Monday, August 24, 2009

Interlude - Whatever happened to Clive Cussler?

In lieu of a regular book review, I decided instead to ask a simple question: What happened to you, Clive Cussler? You used to be so cool, now your books are better used as sun protection on the beach then as beach reads. It did not always go like this; as I posted a little while ago, you've written some of the most fantastically entertaining novels around. Sahara is a personal favourite of mine and has been for a long time. Most of your Dirk Pitt books have been thrilling, adventurous reads that I have torn through with reckless abandon. However, times have certainly changed my old friend. Take for example your most recent "Clive Cussler" Dirk Pitt novel. Most of it, is, in fact written by your son Dirk whom I am sure is a nice fellow. He is not, on the other hand, a novelist of your caliber. The book will go along at a tight pace, then hit a patch which appears to have been written by a slightly imaginative fourth grader. I know you want your son to carry on your legacy Clive, and for sure it is easy money, but your readers deserve better.
Another problem has become the recycling of plots which is not surprising given the fact you are writing five or six ongoing series. All written with collaborators who do not share your prosaic gifts. Clive you used to make the incredible possible and somewhat plausible. Now, you've just given up trying to write semi-three dimensional characters. Let's compare your villians from a couple of books shall we? In Shock Wave (one of your better efforts) the bad guy is played by Arthur Dorsett, a man shrewdly intent on collapsing the diamond industry to propagate his fortune with rare gems. The murderous effects of his mining technology are unintentional but he ultimately views them as necessary to make his profits. In another of your efforts, the first with your son, Black Wind, the villain is named Kang - a man who intends to fire biological weapons at Los Angeles and blame Japan. In order to unify Korea. Okay...
I used to look forward to a new Cussler like I looked forward to Christmas. It was always my favourite book of the year. I tore through them and re-read each with eager anticipation of discovering a new avenue of thought I had previously missed. Now, I glance at them in the bestseller section and wonder who is still putting them there.
The essential Cussler begins at Raise the Titanic and ends with Atlantis Found (barely squeaks through). These 12 books are Cussler writing with imaginative history woven with action. These 12 books are about a man who saves the world...a lot. These 12 books take place before Dirk Pitt's grown children show up, which was a very regrettable plot point.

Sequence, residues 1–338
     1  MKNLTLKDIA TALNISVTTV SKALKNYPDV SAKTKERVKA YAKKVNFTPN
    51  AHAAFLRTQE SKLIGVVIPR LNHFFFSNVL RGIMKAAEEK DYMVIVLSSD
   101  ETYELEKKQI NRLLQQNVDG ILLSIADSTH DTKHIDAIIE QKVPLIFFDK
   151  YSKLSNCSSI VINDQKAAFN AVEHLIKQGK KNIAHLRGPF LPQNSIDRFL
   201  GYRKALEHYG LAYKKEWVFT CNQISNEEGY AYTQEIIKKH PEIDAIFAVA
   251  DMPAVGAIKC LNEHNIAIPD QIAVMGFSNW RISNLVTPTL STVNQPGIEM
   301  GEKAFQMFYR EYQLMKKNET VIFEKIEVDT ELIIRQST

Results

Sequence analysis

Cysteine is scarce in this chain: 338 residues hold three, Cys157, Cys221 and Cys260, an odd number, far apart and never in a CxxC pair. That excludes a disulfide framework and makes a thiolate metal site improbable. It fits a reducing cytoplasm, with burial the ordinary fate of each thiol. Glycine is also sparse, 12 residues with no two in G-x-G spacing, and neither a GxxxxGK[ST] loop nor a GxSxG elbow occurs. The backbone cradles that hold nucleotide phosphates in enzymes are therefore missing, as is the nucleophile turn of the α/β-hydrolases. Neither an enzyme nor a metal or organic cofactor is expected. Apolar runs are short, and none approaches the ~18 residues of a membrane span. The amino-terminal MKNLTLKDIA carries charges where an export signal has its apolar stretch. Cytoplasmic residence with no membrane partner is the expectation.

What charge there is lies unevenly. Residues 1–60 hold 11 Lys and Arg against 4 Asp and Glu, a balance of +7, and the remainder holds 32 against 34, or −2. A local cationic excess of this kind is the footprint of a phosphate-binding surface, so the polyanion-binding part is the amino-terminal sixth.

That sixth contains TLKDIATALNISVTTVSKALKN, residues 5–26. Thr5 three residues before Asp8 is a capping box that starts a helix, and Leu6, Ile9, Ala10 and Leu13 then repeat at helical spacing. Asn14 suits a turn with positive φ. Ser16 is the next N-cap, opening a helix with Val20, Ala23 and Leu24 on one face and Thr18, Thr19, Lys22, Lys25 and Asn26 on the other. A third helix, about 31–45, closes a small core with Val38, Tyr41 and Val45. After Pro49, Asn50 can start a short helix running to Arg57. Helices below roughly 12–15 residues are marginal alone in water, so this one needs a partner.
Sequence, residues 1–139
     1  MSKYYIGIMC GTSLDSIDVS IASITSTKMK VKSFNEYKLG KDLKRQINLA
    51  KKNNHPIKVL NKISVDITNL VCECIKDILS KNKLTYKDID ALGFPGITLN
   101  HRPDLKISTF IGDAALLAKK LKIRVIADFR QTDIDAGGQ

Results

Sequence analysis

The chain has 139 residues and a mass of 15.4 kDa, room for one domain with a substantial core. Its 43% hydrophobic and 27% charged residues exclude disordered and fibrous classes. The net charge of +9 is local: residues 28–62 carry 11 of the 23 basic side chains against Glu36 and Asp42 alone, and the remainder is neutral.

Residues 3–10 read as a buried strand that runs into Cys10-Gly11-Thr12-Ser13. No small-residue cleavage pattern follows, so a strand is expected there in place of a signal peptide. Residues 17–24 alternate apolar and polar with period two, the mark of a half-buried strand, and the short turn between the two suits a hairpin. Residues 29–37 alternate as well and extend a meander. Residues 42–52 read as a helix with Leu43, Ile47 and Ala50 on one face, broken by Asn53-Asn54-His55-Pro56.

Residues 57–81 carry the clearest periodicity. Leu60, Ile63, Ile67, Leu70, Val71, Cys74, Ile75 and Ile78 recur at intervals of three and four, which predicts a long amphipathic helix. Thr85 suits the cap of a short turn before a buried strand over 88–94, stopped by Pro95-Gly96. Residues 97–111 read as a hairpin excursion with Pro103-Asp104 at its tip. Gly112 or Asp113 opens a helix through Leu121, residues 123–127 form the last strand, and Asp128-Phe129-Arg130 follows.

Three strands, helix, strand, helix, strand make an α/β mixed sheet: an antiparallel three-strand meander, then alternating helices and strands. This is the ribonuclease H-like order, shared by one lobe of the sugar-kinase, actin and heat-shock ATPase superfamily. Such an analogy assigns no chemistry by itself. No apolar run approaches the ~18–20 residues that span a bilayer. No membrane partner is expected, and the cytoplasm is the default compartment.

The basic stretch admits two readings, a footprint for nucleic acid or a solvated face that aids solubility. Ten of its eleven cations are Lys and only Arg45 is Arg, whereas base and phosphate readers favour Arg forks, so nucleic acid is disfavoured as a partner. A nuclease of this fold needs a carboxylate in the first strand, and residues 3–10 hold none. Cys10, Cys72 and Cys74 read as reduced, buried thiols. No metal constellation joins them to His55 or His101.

I read my first Cussler in some time, The Chase and halfway through I realized why I was enjoying it so much: he wrote it solo. No interruptions from other authors. When it ended I was happy he wrote a solid one - off book. Alas, I saw on that he intends to continue working with the character in new adventures, and with a writing partner.
Clive, when did you become the James Patterson of adventure fiction? Please Clive, come back to writing good books that actually make sense. Here's an idea, very hot, very edgy: start at the beginning. Look at all the reinventions of old characters that have breathed life into dying series: Bond, Star Trek, Batman... Dirk Pitt and Al Giordino still have life left in them, and adventures to endure with stoic humor. Maybe you cut back to one book a year and trim some unecessary characters, but at least it will be one book worth reading. Quality Clive, not quantity. I know the money is crazy, but give the fans who wait breathlessly for your work a treat: a Dirk Pitt book just written by Clive Cussler and set in the early 90's. Otherwise you may as well just kill off the character and start over, but please, do it on your own.

Tuesday, August 11, 2009

Book #8

It is the rare book that entertains as well as it informs but The Stand by Stephen King succeeds where many others have failed. Originally, I bought this book because it seemed like a great travel book: long, heavy, thematic and epic in scope. After looking at it on my shelf for nearly nine months, I could not put it off any longer and reached for it since I have some time this summer. I was not disappointed - in fact I should have started it sooner.
I only recently began reading Stephen King and have enjoyed several other novels he has written including IT which can also rightly be called a masterpiece. However, that said, I have never read a novel that can properly stand up (pardon the pun) to The Stand. It is a post-apocalyptic tale that does not ever really cross into the fantasy realm. The novel is classified as horror fiction and the vision of a world devestated by a superflu is chilling, terrifying and at times downright awful. King has succeed in making the book more than just the simple elements of a great story. There are powerful themes and allegory at work here, in addition to an epic struggle between good and evil (probably the finest yet crafted in print); the writing is fluid and brilliant.